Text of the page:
By the late Victorian period, the public's fascination with Tibet had reached a fever pitch. All the major newspapers and every geographical society on earth was waiting to hear which explorer was brave enough (or fool-hardy enough) to dare enter the Forbidden Kingdom. As Great Britain and Russia began vying for political and military control in Central Asia in what was known as "The Great Game", the race became heated match, the stakes higher, and the Tibetans more fearful that their isolated Buddhist kingdom would be trampled on by non-believers. Before long, an international race to Lhasa was underway.
|The yak is the only pack animal suited to life at high altitudes.|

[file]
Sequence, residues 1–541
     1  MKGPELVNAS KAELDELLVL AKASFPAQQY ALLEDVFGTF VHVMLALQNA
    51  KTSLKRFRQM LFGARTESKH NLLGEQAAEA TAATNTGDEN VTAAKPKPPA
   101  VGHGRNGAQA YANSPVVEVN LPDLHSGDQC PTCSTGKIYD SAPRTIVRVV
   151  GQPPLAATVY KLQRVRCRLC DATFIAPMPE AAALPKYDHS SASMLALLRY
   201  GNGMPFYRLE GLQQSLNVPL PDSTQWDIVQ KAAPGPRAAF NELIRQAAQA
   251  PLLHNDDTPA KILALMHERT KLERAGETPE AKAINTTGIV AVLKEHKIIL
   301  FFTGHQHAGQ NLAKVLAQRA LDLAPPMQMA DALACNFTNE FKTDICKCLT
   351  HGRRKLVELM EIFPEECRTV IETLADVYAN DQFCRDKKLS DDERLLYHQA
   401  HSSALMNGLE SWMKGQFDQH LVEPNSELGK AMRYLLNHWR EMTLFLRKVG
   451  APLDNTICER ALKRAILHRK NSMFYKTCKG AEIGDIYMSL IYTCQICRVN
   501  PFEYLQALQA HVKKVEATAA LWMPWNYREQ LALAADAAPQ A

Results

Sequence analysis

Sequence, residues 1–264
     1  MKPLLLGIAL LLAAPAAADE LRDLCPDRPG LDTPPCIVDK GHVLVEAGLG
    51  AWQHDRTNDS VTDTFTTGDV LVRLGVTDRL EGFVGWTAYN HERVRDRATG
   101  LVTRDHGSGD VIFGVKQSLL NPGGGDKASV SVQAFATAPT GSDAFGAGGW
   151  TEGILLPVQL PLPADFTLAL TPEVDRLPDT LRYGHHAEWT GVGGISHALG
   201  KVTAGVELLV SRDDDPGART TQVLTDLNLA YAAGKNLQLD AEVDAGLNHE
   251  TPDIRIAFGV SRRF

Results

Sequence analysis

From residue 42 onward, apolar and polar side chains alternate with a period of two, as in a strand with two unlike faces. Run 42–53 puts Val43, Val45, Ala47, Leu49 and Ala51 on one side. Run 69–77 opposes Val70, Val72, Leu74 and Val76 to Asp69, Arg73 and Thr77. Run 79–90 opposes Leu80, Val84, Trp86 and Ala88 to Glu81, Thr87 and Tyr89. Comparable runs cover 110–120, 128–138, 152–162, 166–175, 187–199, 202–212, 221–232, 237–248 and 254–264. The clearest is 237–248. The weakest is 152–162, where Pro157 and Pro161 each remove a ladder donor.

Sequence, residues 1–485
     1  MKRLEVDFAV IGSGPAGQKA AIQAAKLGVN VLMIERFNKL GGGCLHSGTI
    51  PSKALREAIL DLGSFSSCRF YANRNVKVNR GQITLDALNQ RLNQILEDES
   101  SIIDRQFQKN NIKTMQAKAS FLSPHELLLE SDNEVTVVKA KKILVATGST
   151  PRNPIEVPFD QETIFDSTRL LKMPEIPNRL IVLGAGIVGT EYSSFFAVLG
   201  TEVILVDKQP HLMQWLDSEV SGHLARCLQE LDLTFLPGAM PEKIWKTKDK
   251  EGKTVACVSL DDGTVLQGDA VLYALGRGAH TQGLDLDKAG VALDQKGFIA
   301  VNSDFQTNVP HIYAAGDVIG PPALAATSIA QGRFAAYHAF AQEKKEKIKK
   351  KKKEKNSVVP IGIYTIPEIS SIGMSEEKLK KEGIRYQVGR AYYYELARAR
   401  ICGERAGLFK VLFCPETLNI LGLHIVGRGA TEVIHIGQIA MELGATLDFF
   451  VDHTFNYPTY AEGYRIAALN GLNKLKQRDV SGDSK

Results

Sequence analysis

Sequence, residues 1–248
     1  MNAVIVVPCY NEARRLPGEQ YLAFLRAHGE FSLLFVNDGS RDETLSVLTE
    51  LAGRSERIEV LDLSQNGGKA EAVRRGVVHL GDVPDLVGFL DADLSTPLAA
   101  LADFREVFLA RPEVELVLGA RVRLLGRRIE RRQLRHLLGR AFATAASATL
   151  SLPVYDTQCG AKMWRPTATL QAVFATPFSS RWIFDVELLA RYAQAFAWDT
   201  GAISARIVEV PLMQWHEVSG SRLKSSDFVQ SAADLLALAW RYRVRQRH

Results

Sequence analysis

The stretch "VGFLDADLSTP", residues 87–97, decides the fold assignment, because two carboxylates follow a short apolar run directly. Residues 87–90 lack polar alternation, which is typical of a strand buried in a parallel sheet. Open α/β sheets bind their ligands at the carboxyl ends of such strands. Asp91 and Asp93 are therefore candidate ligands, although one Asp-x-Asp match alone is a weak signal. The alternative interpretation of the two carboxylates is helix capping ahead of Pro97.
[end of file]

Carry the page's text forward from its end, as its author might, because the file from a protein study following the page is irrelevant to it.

Here are some of the hardy explorers who dared infiltrate the Forbidden Kingdom:
General Nikolai Prejevalsky- Notable Russian explorer of aristocratic Polish heritage, who inspired fear in all who met him. He was active in the 1870's up to 1888, making several attempts to reach the Forbidden City of Lhasa, but each time was forced to turn around due to the extreme altitude and sick animals. The closest he came to Lhasa was 160 miles, a record at that time. He eventually died just before his final expedition and was buried beside Lake Issyk-Kul in what is known today as Kyrgyzstan. Prejevalsky was a legend in Russia, a favorite of the Tsars, and a classic explorer in the Victorian mold.
|General Nikolai Prejevalsky: Despite the resemblance, he was NOT the father of Joseph Stalin.|